Barry Foster

Barry Foster was a very popular British television actor.   He is chiefly known for his playing of the title character in the series “Van der Valk” which began in 1972.   He has though done some great work on film e.g. “Ryan’s Daughter” in 1970, “Robbery”, “The Family Way”, “Heat and Dust”, “Maurice” and Alfred Hitchcock’s penulimate film “Frenzy”.   He was born in 1927 and died in 2002 at the age of 74.

Philip Purser’s obituary of Barry Foster in “The Independent”

The sudden death of Barry Foster at the age of 70 robs the acting profession of one of its most adaptable stalwarts, equally at home on stage or screen, just as content to play in a difficult or experimental production as to star in a popular television series – and, indeed, unhappy if he couldn’t continually be switching from one to the other.

As Nicolas Freeling’s stolid Amsterdam detective Van der Valk, Foster carried 25 hour-long episodes in the Thames Television version over the years 1972-73 and 1977, quietly eclipsing a rival German series with the same hero, then in 1991 resumed the role in a batch of two-hour stories.

In the interim, he made an appearance, invariably on the wrong side of the law, in almost every other respectable detective saga on the air. The great interrogator was himself interrogated by Inspectors Morse and Dalgleish, and by Detective Sergeant Bergerac. He turned up in John Le Carré’s Smiley’s People, and played Elliott McQueen, the dazzling villain of Sweeney! (1977), the first movie spin-off from the TV series of approximately the same name.

Born in Beeston, Nottinghamshire, but brought up in Hayes, Middlesex, where his toolsetter father had moved to find work during the depression, the young Foster was all set for a career in industry when, secretly hankering for something more creative, he won a scholarship to the Central School of Speech and Drama. There his fellow students included Harold Pinter, with whom he went on to tour rural Ireland in a fit-up company whose members also included Kenneth Haigh and Alun Owen.

His stocky frame, bristly curls and rank-and-file origins brought him a stream of bit parts in the second world war films that were still being churned out, including Battle Of The River Plate (1956), Sea Of Sand and Dunkirk (both 1958), and better roles in the plays about service life which figured prominently in the new TV drama of the 1950s and 60s. He was a young officer in Incident At Echo Six (1959), by Troy Kennedy Martin, set in Cyprus during the troubles, and a soldier again that year in the film Yesterday’s Enemy, harking back to the war in Burma.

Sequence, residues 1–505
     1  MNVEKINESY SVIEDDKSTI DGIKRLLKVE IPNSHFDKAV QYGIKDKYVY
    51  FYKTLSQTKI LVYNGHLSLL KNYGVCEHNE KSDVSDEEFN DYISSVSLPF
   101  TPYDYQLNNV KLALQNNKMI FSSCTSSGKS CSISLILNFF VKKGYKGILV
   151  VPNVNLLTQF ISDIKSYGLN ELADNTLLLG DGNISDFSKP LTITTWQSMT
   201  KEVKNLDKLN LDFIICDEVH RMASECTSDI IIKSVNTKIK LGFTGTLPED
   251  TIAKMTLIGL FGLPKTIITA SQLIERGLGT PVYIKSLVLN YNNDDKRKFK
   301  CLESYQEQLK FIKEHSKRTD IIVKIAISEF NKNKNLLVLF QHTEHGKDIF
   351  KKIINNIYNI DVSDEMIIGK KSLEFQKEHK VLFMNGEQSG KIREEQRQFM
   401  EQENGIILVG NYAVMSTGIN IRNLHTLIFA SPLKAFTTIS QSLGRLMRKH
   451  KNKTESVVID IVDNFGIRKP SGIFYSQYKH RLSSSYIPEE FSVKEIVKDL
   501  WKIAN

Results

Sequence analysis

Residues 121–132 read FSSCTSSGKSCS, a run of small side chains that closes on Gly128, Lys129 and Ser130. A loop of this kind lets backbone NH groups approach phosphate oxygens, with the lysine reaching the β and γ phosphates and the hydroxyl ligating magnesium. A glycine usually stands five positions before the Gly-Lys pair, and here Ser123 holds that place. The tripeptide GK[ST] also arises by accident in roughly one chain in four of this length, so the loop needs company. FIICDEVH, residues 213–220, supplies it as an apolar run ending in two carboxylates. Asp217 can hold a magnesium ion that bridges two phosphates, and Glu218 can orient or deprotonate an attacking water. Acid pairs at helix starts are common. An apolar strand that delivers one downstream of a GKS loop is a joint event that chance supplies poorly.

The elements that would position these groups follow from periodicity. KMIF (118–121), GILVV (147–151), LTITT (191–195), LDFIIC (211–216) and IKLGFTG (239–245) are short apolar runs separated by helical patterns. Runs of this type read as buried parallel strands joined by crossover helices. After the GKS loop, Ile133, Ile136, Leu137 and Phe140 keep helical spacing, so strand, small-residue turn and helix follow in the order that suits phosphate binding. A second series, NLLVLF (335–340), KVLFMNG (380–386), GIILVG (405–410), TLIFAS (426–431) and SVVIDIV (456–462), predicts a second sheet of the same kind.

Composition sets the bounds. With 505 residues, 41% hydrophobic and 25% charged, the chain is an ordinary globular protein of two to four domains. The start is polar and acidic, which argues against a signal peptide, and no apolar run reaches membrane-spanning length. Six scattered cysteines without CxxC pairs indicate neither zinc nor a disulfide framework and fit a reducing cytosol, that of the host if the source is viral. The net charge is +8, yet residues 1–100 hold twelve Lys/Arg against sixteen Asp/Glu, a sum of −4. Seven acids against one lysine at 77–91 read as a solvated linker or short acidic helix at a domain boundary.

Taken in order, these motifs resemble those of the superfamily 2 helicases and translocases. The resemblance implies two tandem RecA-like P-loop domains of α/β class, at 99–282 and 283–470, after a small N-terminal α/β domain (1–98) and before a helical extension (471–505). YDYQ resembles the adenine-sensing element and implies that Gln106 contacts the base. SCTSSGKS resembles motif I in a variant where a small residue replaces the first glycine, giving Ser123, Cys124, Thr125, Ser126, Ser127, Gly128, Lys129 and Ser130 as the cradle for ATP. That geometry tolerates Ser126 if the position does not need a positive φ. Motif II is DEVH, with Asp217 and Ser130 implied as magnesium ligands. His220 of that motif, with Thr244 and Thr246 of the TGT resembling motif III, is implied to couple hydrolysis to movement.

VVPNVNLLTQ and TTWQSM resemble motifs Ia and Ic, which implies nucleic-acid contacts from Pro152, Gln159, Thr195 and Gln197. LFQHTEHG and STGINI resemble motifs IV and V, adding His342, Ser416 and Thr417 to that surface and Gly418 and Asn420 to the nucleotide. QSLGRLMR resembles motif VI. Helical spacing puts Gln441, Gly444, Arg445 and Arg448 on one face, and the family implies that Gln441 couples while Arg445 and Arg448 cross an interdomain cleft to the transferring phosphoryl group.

From shooting wars he stepped deftly to the class war, and a part in David Mercer’s first – and seminal – script, Where The Difference Begins (1961). Now the credits jostle to demonstrate his versatility. He starred as Cornelius Christian in Fairy Tales Of New York in the West End at the Comedy Theatre (1961). At the National Theatre in 1983 he played Ulysses in Jean Giraudoux’s 1935 play The Trojan War Will Not Take Place, directed by his old mate Pinter; and he appeared in several works from the same man’s pen.

In 1994-95 he was Inspector Goole in Stephen Daldry’s fabled production of JB Priestley’s An Inspector Calls at the Aldwych, which went on to tour in Australia. And until he was taken ill last Friday, he was appearing in the stage show Art, written by Yasmina Reza and translated by Christoper Hampton, at the Whitehall.

Foster’s notable film credits included Ryan’s Daughter (1970), Frenzy (1972) and The Whistle Blower (1986). But perhaps his best – and worst – role in any medium was as the legendary bundle of paradoxes, Orde Wingate. Epic movies had been planned to tell the story of this extraordinary British soldier who founded the Israeli army before Israel existed, restored the Emperor Haile Selassie to the throne of Judah, and led the Chindit operations against the Japanese in Burma until he was killed in a plane crash in 1944.

None of these films was realised, but in 1976 the gifted producer Innes Lloyd finally persuaded the BBC to stump up enough for a stylised (ie cheap) studio production in three 75-minute instalments, entitled Orde Wingate. Written by Don Shaw, directed by Bill Hays and with Foster inhabiting the part, it remains a landmark in television drama. Alas, Foster went on to repeat the characterisation, to much less effect, in an inferior but infinitely more lavish American biography of Golda Meir (A Woman Called Golda, 1972).

Foster was married to the singer and former actress Judith Shergold, in one of show business’s happiest and most durable alliances. One of their recipes for its success was never to be apart for too long. If Barry was working on Broadway or in Hollywood, she would endeavour to join him. They had two daughters, Joanna and Miranda, who followed him into the theatre, and a son, Jason. His wife and children survive him.

Foster loved music, and acted as reciter in performances of such works as Stravinsky’s The Soldier’s Tale and – under the baton of Sir Simon Rattle – Berlioz’s rarely played sequel to the Symphonie Fantastique, Lélio. His favourite place, he once said, was Venice – “a jewel-encrusted treasure house built on water”.

· Barry Foster, actor, born August 21 1931; died February 11 2002

This “Guardian” obituary can also be accessed online here.

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